NASA RapidScat is the first Ku-Band wind scatterometer that flown in non-Sun-synchronous orbit. RapidScat is capable of measuring ocean vector winds over the full diurnal cycle, instead of observing a given location at a fixed time of day. The RapidScat operated onboard the International Space Station between September 2014 and August 2016. This unique platform facilitated global contiguous geographical sampling between the ±56 latitude. Non-Sun-synchronous orbit also enables the overlap with other satellite instruments that have been flying in Sun-synchronous orbits. To serve as a cross-calibration reference with other instruments, RapidScat must be carefully calibrated. This paper presents the double-difference methodology to scatterometry. The methodology has been adopted for the cross-instrument calibration between RapidScat and QuikScat scatterometers simultaneously orbiting the Earth on- board two independent satellite platforms. The statistical analysis and measurements biases have been evaluated between the two scatterometers. Calculated biases may be used for measurement correction and reprocessing. This work summarizes the comparison measurements data in the period from January 2015 to August 2016. This research was performed under the grant from the NASA Headquarters and oth RapidScat and QuikScat datasets were provided by the NASA Physical Oceanography Distributed Active Archive Center (PODAAC) at the Jet Propulsion Laboratory.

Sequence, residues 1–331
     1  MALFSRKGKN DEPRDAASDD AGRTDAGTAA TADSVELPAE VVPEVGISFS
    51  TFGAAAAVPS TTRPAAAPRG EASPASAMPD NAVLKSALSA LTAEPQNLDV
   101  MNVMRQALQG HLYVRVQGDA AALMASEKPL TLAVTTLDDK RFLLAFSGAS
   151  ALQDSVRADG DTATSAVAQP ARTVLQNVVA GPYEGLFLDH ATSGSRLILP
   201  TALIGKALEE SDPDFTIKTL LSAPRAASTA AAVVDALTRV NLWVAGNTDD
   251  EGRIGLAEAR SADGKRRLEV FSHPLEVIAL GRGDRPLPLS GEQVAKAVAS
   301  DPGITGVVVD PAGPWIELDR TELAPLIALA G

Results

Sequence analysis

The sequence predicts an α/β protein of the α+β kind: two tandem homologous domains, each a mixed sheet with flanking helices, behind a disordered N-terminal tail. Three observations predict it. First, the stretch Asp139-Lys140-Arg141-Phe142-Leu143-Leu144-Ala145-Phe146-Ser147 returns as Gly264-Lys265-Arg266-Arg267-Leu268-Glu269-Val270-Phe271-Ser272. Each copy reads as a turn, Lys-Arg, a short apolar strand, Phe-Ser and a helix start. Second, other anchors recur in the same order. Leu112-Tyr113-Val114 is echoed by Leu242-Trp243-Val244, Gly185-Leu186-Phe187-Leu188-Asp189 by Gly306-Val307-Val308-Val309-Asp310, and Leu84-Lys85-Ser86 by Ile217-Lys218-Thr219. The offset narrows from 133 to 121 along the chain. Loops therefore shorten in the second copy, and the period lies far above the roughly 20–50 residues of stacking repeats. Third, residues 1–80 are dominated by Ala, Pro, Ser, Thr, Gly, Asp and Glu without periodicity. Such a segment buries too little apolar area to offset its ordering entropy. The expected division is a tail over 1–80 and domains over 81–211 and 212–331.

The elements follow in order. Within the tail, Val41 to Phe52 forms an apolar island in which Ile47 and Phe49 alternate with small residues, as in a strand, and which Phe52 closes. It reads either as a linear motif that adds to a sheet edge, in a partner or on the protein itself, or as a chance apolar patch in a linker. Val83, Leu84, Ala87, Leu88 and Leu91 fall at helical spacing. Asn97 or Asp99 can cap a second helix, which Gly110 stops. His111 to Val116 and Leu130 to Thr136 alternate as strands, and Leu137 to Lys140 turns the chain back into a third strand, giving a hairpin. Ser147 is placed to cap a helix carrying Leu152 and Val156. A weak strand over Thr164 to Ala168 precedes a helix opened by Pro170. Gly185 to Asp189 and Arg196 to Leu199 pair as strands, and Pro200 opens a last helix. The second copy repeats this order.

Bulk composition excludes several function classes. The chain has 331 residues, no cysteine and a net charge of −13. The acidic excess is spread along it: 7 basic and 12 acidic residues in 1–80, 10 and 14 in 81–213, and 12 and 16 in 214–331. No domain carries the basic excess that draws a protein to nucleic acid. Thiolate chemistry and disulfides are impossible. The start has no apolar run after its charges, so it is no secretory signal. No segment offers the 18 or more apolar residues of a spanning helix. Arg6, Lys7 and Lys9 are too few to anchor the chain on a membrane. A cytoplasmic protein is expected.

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RapidScat Sigma-0 Measurements Validation
Published: 14 June 2018 by MDPI in 1st International Electronic Conference on Geosciences session Poster section
Keywords: RapidScat; QuikScat; scatterometer cross calibration; double difference